The FacetGrid class is useful when you want to visualize the distribution of a variable or the relationship between multiple variables separately within subsets of your dataset. A FacetGrid can be drawn with up to three dimensions: row, col, and hue. The first two have obvious correspondence with the resulting array of axes.
It can also represent levels of a third variable with the hue parameter, which plots different subsets of data in different colors. This uses color to resolve elements on a third dimension, but only draws subsets on top of each other and will not tailor the hue parameter for the specific visualization of the way that axes-level functions that accept hue will.
This class maps a dataset into multiple axes arrayed in a grid of rows and columns that correspond to levels of variables in the dataset. The plots it produces are often called “lattice”, “trellis”, or “small-multiple” graphics.
The basic workflow is to initialize the FacetGrid object with the dataset and the variables that are used to structure the grid. Then one or more plotting functions can be applied to each subset by calling FacetGrid.map() or FacetGrid.map_dataframe().
Finally, the plot can be tweaked with other methods to do things like changing the axis labels, use different ticks, or add a legend. See the detailed code examples below for more information. We will use the tips data set for this example.
import seaborn as sns
tips = sns.load_dataset(“tips")
To draw a plot on every facet, pass a function and the name of one or more columns in the dataframe to FacetGrid.map()
g = sns.FacetGrid(tips, col=”time”, row=“sex”) g.map(sns.scatterplot, “total_bill”, “tip”)
The variable specification in FacetGrid.map() requires a positional argument mapping, but if the function has a data parameter and accepts named variable assignments, you can also use multi-plot grids FacetGrid.map_dataframe().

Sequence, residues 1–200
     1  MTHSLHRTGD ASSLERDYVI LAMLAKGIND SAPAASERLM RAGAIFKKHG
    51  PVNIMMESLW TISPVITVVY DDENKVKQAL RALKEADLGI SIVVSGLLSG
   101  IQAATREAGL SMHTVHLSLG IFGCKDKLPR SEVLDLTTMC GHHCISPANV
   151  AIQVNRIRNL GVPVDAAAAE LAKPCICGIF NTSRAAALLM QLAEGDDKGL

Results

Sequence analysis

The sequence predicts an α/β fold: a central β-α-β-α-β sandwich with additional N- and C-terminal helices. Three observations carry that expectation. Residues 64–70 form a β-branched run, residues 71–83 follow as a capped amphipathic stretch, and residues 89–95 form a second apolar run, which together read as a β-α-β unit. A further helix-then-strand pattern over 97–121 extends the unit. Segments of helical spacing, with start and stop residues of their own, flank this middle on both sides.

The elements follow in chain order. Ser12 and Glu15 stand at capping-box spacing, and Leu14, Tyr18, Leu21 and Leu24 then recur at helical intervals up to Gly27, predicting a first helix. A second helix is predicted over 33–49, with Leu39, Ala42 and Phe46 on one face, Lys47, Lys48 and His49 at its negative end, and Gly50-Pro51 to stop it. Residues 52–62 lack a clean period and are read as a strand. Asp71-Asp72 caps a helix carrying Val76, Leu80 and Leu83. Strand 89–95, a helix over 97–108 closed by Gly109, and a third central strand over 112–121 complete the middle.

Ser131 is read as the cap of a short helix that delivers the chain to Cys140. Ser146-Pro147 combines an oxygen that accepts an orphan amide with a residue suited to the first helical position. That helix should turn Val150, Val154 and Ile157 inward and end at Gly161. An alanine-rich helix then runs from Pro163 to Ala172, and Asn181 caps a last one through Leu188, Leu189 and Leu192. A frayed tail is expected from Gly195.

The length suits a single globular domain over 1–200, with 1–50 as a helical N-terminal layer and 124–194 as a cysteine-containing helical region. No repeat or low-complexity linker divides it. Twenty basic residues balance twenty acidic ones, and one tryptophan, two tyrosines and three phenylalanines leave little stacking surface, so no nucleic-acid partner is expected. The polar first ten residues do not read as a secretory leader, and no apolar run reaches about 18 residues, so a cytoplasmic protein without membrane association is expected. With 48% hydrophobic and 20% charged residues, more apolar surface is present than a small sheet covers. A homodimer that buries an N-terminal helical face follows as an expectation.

One difference between the two methods is that FacetGrid.map_dataframe() does not add axis labels.
g = sns.FacetGrid(tips, col="time", row=“sex”)
The FacetGrid constructor accepts a hue parameter. Setting this will condition the data on another variable and make multi-plot grids in different colors. Where possible, label information is tracked so that a single legend can be drawn
g = sns.FacetGrid(tips, col="time", hue=“sex") g.map_dataframe(sns.scatterplot, x=“total_bill", y=“tip")
The size and shape of the plot are specified at the level of each subplot using multi-plot grids the height and aspect parameters. Change the height and aspect ratio of each facet.
g = sns.FacetGrid(tips, col="day", height=3.5, aspect=.65)
Note that margin_titles isn’t formally supported by the matplotlib API, and may not work well in all cases. In particular, it currently can’t be used with a legend that lies outside of the plot.
The size of the figure is set by providing the height of each facet, along with the aspect ratio
g =sns.FacetGrid(tips, col="day", height=4,aspect=.5) g.map(sns.barplot, "sex", "total_bill",
The default ordering of the facets is derived from the information in the multi-plot grids DataFrame. If the variable used to define facets has a categorical type, then the order of the categories is used.
Otherwise, the facets will be in the order of appearance of the category levels. It is possible, however, to specify an ordering of any facet dimension with the appropriate *_order parameter
ordered_days = tips.sex.value_counts().index g = sns.FacetGrid(tips, row="sex",
row_order=ordered_days,height=1.7, aspect=4,) g.map(sns.kdeplot, “total_bill”)